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Assessment of promoter function and enhancing disease resistance in transgenic carrot (Daucus carota L.)

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(Thesis) Ph.D.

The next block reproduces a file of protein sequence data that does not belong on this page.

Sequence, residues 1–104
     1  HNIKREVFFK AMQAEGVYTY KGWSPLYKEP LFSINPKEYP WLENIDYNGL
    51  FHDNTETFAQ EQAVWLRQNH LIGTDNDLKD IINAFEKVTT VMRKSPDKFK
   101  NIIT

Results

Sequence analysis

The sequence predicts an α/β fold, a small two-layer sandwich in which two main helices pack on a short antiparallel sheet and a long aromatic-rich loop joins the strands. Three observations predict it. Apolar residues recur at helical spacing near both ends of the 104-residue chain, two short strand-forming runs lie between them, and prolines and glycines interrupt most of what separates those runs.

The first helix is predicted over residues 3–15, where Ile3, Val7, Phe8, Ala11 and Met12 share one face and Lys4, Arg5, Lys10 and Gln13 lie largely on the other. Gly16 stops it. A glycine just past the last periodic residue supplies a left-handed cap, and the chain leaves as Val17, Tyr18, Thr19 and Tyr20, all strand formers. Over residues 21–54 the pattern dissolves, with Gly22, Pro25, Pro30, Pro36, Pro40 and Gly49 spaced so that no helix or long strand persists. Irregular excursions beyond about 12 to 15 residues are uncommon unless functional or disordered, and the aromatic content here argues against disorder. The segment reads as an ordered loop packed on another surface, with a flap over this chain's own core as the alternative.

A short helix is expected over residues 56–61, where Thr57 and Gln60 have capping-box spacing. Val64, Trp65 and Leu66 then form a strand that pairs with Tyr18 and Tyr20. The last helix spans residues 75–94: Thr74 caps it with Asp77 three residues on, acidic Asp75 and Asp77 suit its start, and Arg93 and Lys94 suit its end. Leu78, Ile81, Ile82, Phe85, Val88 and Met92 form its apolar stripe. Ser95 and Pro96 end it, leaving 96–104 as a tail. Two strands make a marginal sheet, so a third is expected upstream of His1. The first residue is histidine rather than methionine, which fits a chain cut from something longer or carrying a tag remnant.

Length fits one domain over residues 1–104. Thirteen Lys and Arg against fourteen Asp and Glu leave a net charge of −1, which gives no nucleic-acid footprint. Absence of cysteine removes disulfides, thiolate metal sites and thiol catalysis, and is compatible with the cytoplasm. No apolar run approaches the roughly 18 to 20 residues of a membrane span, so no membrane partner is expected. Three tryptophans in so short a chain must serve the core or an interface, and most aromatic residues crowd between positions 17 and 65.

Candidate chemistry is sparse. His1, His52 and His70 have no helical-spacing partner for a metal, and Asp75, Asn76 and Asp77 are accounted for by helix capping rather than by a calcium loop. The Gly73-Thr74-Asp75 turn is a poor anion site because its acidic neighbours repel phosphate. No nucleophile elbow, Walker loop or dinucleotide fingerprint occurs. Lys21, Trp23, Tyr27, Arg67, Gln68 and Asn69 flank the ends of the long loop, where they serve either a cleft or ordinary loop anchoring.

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Genetic engineering is a promising strategy for creating agriculturally significant resistance in carrot. Several different transgenic strategies, in addition to conducting a detailed quantification of commonly used promoters to achieve disease resistance were investigated. Tissue-specific patterns and levels of protein expression were characterized in transgenic carrot plants transformed with the ?-glucuronidase gene driven by five promoters: Cauliflower moasaic virus 35S, double 35S (D35S), Arabidopsis ubiquitin (UBQ3), mannopine synthase (mas2) or rooting loci promoter (rolD). UBQ3 promoter provided the highest levels of expression in roots, while D35S and 35S promoters had high expression in leaves. rolD and Mas2 promoters had enhanced root expression; however levels were much lower compared to the constitutive promoters, which were subsequently used in this research. Genes encoding a rice peroxidase (POC1), wheat chitinase (383) and ?1,3- glucanase (638) were introduced into carrot. Lines expressing 638 alone had no enhanced resistance to B. cinerea or S. scleorotiorum, while 383 lines reduced disease symptoms by up to 40%. When 638 and 383 were co-expressed resistance levels were similar to 383 alone. High levels of disease resistance were seen in lines expressing POC1 with 70-90% reduction in symptoms to B. cinerea and S. sclerotiorum. POC1 lines had 20-30% increases in lignin levels in petioles and roots, which was enhanced with pathogen challenge. Several defence genes exhibited strong induction in POC1 expressing plants when induced with fungal cell wall elicitor. Additionally, POC1 lines had reduced H2O2 accumulation during oxidative burst response. POC1 derived resistance was effective towards necrotrophic pathogens. Over-expression of Arabidopsis Nonexpressor of Pathogenesis Related protein 1 was studied in carrot, with two independent lines successfully generated and analyzed. There was no detectable activation of the systemic acquire resistance (SAR) pathways in the absence of pathogens, however, the lines exhibited more intense and longer lasting activation of SAR when elicited with fungal cell walls or Salicylic acid. Both lines were highly resistant against biotrophic and necrotrophic foliar pathogens and the roots were resistant towards A. radicina, indicating broad-spectrum disease resistance. The results from this study demonstrate the feasibility of engineering disease resistance in carrot using several different approaches.
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